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Joshua L. Wede, Gregory Francis; The role of selective visual attention in the formation of visual afterimages: Experimental data and model simulations. Journal of Vision 2006;6(6):601. doi: 10.1167/6.6.601.
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© ARVO (1962-2015); The Authors (2016-present)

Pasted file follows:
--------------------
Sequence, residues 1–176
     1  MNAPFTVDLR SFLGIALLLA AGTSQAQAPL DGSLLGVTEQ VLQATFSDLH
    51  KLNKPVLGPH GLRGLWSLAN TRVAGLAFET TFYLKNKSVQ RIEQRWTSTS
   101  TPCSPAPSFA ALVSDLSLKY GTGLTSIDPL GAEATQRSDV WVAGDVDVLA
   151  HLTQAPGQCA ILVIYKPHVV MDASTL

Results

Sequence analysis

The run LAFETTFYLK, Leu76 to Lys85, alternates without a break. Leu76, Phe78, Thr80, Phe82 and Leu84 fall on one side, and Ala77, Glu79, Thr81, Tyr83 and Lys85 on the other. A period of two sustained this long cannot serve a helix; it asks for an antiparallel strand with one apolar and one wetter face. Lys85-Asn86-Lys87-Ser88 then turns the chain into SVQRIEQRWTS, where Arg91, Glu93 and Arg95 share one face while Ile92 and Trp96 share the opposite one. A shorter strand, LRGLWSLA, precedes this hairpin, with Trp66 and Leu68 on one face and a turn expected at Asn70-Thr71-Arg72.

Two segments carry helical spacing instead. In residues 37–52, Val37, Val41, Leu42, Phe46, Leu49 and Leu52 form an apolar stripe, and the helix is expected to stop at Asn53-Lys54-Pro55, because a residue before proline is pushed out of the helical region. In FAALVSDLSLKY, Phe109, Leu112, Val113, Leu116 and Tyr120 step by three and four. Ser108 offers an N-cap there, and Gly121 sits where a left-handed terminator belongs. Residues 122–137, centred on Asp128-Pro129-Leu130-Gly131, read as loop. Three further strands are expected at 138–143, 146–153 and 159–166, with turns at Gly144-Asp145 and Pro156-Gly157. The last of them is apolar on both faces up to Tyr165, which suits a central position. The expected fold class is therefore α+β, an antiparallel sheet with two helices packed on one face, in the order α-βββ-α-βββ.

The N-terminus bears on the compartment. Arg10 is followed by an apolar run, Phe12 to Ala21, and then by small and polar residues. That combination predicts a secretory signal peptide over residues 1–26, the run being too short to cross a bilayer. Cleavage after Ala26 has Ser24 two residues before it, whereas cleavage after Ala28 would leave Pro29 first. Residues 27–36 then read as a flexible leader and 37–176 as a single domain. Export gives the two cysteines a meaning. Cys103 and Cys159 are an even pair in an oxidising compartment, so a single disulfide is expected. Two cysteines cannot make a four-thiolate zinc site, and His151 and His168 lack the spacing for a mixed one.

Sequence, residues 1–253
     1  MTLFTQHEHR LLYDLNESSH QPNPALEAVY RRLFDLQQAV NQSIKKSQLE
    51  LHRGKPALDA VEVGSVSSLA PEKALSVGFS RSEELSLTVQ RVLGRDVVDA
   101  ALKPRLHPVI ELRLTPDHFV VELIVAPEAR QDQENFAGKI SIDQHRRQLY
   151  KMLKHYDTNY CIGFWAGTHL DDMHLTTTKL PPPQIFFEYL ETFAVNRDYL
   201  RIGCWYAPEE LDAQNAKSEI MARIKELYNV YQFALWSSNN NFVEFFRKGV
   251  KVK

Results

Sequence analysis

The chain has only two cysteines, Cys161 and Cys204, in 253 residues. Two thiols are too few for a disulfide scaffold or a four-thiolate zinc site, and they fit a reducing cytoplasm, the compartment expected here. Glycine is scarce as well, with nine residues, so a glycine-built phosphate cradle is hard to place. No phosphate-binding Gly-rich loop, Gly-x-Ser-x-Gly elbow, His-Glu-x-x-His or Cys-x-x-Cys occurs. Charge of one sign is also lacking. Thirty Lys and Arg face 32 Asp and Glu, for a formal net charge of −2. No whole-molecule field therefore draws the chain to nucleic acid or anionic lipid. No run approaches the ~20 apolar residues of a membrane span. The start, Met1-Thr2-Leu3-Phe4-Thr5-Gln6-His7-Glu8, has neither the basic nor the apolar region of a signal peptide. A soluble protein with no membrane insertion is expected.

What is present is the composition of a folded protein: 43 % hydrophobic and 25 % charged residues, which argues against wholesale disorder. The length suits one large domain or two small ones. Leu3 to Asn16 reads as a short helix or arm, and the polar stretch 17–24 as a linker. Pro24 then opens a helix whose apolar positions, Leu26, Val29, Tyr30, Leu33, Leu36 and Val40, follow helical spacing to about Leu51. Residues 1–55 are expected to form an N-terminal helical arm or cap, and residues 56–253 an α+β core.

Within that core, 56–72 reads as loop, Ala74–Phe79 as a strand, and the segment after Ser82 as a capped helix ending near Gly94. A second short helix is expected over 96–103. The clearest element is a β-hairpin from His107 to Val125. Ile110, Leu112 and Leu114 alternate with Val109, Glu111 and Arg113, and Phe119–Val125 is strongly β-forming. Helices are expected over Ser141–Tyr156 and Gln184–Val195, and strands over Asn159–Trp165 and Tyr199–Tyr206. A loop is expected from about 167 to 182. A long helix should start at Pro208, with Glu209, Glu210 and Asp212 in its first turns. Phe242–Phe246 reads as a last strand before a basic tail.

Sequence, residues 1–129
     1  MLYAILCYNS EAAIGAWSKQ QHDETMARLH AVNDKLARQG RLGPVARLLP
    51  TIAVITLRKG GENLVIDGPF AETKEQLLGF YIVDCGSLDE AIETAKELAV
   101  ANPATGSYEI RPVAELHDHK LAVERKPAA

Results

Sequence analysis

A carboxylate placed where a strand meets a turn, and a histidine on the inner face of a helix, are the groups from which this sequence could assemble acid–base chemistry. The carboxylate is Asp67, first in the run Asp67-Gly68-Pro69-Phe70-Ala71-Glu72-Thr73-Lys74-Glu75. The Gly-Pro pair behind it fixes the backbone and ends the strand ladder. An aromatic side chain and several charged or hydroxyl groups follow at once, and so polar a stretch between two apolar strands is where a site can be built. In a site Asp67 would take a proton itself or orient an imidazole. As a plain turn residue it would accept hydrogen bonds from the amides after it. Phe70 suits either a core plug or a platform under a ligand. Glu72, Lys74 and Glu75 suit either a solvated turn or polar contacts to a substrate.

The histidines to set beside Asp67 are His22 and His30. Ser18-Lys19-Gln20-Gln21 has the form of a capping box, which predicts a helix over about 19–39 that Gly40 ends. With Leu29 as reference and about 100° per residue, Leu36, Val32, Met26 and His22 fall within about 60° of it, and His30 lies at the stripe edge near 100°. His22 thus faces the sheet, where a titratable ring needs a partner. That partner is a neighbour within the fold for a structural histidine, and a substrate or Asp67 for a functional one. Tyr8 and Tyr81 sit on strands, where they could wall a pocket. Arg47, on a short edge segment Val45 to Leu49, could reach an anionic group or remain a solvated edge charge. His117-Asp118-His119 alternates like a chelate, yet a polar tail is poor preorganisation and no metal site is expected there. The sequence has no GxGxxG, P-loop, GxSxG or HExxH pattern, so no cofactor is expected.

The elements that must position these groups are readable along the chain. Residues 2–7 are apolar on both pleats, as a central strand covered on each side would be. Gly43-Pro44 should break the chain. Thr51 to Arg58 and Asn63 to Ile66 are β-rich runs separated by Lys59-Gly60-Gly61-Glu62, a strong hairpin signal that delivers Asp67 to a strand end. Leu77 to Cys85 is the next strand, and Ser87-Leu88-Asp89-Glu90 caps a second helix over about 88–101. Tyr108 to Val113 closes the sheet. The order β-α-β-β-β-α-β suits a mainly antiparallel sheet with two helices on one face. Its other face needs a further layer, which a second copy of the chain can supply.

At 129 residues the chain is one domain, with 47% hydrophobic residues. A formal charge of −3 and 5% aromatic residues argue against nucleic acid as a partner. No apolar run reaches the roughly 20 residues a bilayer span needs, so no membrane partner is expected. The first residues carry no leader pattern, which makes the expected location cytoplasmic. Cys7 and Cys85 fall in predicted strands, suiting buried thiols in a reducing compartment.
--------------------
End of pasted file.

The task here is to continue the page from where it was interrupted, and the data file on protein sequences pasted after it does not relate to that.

Suzuki & Grabowecky (2003) reported that a negative afterimage appeared later and was weaker when attention was focused on the inducing stimulus. We explored the effect of attentional focus on afterimages formed by a sequence of two inducing stimuli. After viewing two successive orthogonal bar gratings, observers frequently report an afterimage of the first grating. We explored the effect of directing attention on the first stimulus (S1 - vertical bars) and the second (S2 - horizontal bars) by measuring the proportion of reported vertical afterimages. Subjects either attended to a feature of the inducing gratings (bar changing colors) or attended to centrally presented, rapidly changing numbers. Results show that when subjects attended features of S2, they reported a higher percentage of vertical afterimages. Thus, attentional focus on the inducing stimuli increased afterimage strength. Both sets of experimental results were interpreted in terms of Grossberg's FACADE model (Grossberg, 1994). In this model, an afterimage results from interactions between color complement after-responses from a Feature Contour System (FCS) and orientation after-responses from a Boundary Contour System (BCS). Previous results, and the current experiment suggested attention enhances signals in the BCS. With negative afterimages, increasing attention on the BCS signals leads to a mismatch between orientation after-responses and color after-responses, delaying afterimage appearance. In the two-stimulus case, attentional focus on S2 increases the strength of orientation after-responses that match the arrangement of color after-responses generated by the S1. Model simulations demonstrate that the model explains both sets of data.
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